Meanwhile, Mr. Yukio Edano, Chief Cabinet Secretary, recently requested banks to forgive the debts owed by TEPCO. In the event that TEPCO files for bankruptcy, its debts would be restructured. Otherwise, lenders are entitled to full repayments by TEPCO. A market economy would not work if economic transactions between private parties are swayed by the government’s requests lacking any legal grounds.
Revive agriculture and fishery by cutting red tapes on private businesses
As Japan ages in an unprecedented pace, boosting long-term growth has become a top policy priority, in order for the county to support the ever-growing elderly population. Now, promoting growth takes on added urgency, because the enormous restoration costs are to be met by future tax revenues. In June last year, the government set out an ambitious New Growth Strategy as a Cabinet decision, which is the highest form in government decision-making, but disappointingly its implementation has been put off.
Deregulation is the most important pro-growth policy. While slashing unnecessary regulations are needed in all sectors, deregulation can play a major role in reviving agriculture in the stricken Tohoku region. Japan’s agriculture coddled by the government with high tariffs and other protections has fallen into a steady decline, beset with low productivity. Last year, the government has introduced yet another subsidy program under which all farmers receive cash handouts if their farm incomes fall below certain thresholds. Such a program does not in any way contribute to reinvigorating agriculture.
Private companies play central roles in production activities throughout Japan’s economy. An exception to this is agriculture. Japan’s agriculture is in fact a peculiar industry in which, as a general rule, companies are not allowed to operate. In recent years, the government has deregulated the industry albeit in a rather timid manner, introducing a special type of company only for agricultural production and permitting farmland lease by farmers to private companies under tight conditions. Companies are still prohibited to own farmland, though.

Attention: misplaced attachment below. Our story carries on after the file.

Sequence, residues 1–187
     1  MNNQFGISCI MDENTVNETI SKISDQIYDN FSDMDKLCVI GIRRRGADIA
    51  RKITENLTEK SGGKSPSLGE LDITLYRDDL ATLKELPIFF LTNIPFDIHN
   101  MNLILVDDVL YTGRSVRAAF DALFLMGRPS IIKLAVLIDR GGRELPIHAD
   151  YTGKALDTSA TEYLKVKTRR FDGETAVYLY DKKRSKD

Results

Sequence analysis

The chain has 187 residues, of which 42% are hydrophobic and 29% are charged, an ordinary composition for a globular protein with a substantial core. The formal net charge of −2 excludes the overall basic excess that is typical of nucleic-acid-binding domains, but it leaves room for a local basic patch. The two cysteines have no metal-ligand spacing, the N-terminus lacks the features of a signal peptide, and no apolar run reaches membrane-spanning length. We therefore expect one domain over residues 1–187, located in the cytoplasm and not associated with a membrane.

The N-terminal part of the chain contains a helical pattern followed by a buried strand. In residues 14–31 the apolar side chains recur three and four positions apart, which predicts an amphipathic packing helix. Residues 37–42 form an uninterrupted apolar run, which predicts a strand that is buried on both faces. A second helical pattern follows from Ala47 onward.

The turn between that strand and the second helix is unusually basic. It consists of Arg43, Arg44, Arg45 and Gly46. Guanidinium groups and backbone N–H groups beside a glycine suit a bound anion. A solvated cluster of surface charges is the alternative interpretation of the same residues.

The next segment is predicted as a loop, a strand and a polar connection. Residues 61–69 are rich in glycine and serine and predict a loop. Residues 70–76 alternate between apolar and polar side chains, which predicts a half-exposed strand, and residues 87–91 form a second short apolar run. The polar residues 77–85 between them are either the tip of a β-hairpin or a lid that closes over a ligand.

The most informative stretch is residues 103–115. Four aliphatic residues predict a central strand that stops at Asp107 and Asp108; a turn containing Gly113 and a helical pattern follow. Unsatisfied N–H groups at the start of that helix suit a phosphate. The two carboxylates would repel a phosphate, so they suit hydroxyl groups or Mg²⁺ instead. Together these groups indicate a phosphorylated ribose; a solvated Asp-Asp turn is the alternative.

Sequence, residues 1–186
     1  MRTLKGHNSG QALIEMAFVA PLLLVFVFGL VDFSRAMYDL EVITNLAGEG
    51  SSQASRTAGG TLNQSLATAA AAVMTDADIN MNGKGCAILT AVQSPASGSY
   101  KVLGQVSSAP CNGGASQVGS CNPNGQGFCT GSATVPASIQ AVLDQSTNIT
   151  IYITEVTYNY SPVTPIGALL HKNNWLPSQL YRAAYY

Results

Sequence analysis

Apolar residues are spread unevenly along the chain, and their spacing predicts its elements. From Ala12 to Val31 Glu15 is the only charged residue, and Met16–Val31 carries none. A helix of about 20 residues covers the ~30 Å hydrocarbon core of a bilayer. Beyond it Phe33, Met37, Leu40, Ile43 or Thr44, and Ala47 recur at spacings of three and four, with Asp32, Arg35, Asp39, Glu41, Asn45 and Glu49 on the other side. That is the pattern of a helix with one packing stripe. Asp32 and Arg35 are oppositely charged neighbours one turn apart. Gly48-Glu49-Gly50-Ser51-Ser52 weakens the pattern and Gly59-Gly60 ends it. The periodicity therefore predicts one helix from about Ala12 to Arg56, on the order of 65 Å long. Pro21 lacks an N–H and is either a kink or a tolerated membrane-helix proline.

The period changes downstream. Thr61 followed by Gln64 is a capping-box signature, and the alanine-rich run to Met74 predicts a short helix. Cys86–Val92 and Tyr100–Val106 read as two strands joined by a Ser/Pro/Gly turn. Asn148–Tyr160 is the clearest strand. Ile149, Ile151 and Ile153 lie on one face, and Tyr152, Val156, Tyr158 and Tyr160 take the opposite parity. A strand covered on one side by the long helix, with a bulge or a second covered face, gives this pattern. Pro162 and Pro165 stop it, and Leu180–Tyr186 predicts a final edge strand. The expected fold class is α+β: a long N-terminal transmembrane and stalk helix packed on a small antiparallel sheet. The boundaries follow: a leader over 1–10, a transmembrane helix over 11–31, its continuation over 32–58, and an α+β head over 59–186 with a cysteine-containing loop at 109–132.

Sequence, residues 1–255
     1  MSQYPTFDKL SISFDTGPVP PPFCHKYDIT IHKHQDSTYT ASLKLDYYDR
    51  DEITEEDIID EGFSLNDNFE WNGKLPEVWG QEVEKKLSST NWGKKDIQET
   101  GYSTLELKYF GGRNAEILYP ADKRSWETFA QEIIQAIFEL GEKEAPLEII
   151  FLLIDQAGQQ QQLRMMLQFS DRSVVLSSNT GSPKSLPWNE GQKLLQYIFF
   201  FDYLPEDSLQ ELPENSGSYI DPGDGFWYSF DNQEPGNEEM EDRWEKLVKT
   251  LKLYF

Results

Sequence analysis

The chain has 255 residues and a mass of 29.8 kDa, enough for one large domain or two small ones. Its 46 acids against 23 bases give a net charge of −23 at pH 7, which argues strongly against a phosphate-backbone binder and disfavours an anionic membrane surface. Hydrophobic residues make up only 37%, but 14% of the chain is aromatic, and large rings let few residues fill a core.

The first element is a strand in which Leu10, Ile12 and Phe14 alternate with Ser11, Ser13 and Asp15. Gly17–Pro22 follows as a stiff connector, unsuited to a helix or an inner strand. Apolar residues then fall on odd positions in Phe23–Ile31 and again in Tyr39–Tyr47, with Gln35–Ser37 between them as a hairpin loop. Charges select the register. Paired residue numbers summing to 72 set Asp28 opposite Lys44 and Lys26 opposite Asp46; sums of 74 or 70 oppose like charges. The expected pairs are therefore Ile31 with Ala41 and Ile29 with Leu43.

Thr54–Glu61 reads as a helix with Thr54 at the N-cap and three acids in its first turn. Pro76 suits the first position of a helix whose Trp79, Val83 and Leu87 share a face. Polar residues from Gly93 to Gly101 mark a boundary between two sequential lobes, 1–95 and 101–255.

Private businesses have capital and know-how, which are sorely needed for uplifting agriculture. In the afflicted areas where agriculture, the region’s traditional industry, has been severely damaged, small inefficient farms must be integrated into larger-scale farming. Here private businesses can play a major role. As a first step, the government should consider a bold deregulation in the affected areas to allow private businesses to enter into agriculture. As a next step, this deregulation needs to be extended nation-wide. When that happens, younger people can find jobs as company employees in agriculture, which is a very aged industry where more than 70% of its workforce is 60 years old and over. Some of them may become independent farmers or start new companies in agriculture themselves. All such changes will eventually lead to more vibrant and productive agriculture in this country.
Entry of private businesses is equally vital in reviving Tohoku’s afflicted fishery. In granting fishery rights, the government has hitherto given fishery cooperatives higher priority over private companies. Companies in food-processing, restaurant, and other industries may be interested in operating in fishery industry, and they should be allowed to enter.
The New Growth Strategy of last year called for considering participation in an emerging regional free-trade pact called TPP (Trans-Pacific Strategic Economic Partnership). The government’s commitment has been sliding, however, not least over concerns about the devastated agriculture in the Tohoku region. Without changes in heavy trade protections, Japan’s agriculture is destined to a further decline. Now is the time when Japan should announce its intention to participate in negotiations for TPP and promote farm-trade liberalization. Open-door policy will eventually lead to more competitive agriculture, but at the same time will affect the livelihood of traditional farmers. TPP provides member counties with a 10-year adjustment period for trade liberalization. Thus adjustment can be made, particularly if a proper system of income compensation for adversely-affected farmers is in place.
Professor, Faculty of Commerce, Waseda University
Professor Taniuchi was born in 1949. He specializes in international finance and macroeconomics. He graduated from the faculty of law of the University of Tokyo, and earned a Ph.D. in economics at Brown University. He also completed the Advanced Management Program at the Wharton School.
He has extensive work experience in economic research and policy planning in the Japanese government, holding various positions including the director-general of the Cabinet Office's research bureau. He also worked for the World Bank as economist and for APEC as chairman of the APEC Economic Committee. In 2004, he left the public service and has since been teaching and doing researches at Waseda University. He has authored many books and papers in both Japanese and English.